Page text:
While Katrina Comes: Salvage the Bones by Jesmyn Ward
I bend over and scrub my face dry with my shirt, but the tears still come.
"I can't," I sob.
"I need you," said Randall.
And then I get up because it is the only thing I can do. I step out of the ditch and brush the ants off because it's the only thing I can do; if this is strength, if this is weakness, this is what I do.
After Mama died, Daddy said, What are you crying for? Stop crying. Crying ain't going to change anything. We never stopped crying. We just did it quieter. We hid it.
This was the only thing we could do.
Jesmyn Ward's 2011 National Book Award-winning novel, Salvage the Bones: A Novel (Bloomsbury, 2011), traces the cataclysmic approach of Hurricane Katrina made concrete in the story of the twelve days in one rural family's lives as the storm grows and strikes.
In the beginning only Daddy is prophetically manic with concern about the storm, raging when his children, all teenagers except seven-year-old Junior, belittle his orders to help prepare for the storm, as yet only a tropical depression in the Atlantic. Oldest son Randall is consumed with his desire to win a basketball scholarship and the upcoming playoff game is his only chance to star and initiate that dream. Skeetah is obsessed with his fighting pit-bull China, about to give birth to her first litter, promising part of his earnings from the sale of the pups to Randall for basketball camp. Main character and narrator, fourteen-year-old Esch is preoccupied with the realization that she is pregnant with a child by her brother's friend Manny, who is oblivious to her situation, oblivious in his interest in another girl.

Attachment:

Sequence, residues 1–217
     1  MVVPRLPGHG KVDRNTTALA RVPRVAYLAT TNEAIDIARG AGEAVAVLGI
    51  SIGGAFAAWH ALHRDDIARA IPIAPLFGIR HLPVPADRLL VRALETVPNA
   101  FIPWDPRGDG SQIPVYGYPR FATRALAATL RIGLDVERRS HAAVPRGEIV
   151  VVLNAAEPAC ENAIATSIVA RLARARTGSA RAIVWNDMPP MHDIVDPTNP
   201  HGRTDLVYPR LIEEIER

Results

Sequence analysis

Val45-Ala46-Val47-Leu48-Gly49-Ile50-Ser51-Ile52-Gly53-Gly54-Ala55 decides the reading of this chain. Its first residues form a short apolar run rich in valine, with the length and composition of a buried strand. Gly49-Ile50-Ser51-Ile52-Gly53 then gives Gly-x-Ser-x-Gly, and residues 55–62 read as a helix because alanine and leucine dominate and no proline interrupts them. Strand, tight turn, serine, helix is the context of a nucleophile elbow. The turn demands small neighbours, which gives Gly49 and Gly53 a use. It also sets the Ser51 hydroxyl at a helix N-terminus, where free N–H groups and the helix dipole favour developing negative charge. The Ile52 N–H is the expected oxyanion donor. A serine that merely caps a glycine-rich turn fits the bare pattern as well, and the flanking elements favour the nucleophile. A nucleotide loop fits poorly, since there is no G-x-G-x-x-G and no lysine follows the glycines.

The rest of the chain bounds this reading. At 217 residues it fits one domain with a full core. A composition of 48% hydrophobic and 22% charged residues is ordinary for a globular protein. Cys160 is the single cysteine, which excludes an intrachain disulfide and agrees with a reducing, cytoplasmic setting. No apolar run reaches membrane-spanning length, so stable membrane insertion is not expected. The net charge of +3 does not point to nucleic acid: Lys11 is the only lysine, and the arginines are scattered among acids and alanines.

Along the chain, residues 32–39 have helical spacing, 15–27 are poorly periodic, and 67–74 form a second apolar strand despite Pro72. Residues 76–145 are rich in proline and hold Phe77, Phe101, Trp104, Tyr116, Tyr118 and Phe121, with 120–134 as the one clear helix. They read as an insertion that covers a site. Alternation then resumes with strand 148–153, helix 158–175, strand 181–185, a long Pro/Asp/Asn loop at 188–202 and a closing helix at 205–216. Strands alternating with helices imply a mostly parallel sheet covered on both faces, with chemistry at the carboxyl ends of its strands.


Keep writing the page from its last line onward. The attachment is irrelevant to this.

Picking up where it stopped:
As the hurricane develops, each of the family's personal storms grows and comes to a climax, until the final approach of Katrina focuses the attention of all upon the storm, breaking with a ferocity that destroys everything they own, stripping them all down to what they really are, a family that in the end helps each other survive and understand that their bonds and their hopes are what they really have to begin again.
Ward skillfully assigns epic, mythical proportions to her story by interweaving the classical Greek tale of Jason and Medea with the struggles of the Baptiste family. In fact, Medea is not the central symbol, but a sort of touchstone, destroyer and preserver, sometimes linked to the white dog China, the mother who gives life and sometimes takes it away, sometimes haunting Esch, who is fixated on the story of Medea as she, the memory of her mother's death still fresh, tries to conceive of herself as a mother, as one who therein holds life and death within her own will, and sometimes seen as the storm Katrina itself.
...Katrina, the mother that swept into the Gulf and slaughtered. She was the murderous mother who cut us to the bone but left us alive, left us naked and bewildered as wrinkled newborn babies, as blind puppies, as sun-starved newly hatched baby snakes. She left us a dark Gulf and salt-burned land. She left us to learn to crawl. She left us to salvage. Katrina is the mother we will remember....
This is not a book for children, filled as it is with the blood, sweat, and tears of life, but mature young adult readers, high school juniors and seniors, those with a grasp of literary tradition and elements of the novel, will find this book absorbing and intensely insightful. The New York Times reviewer points up the dual nature of this novel, a contemporary story on its own, but also a story as primordial as mankind itself: ..."smartly plotted and voluptuously written. It feels fresh and urgent, but it's an ancient, archetypal tale." The Washington Post says "Masterful… Salvage the Bones has the aura of a classic about it." Indeed, Salvage the Bones: A Novel has the promise of joining iconic novels like Moby Dick and To Kill a Mockingbird among those great American novels, firmly rooted in a particular time and place and yet universal in their theme.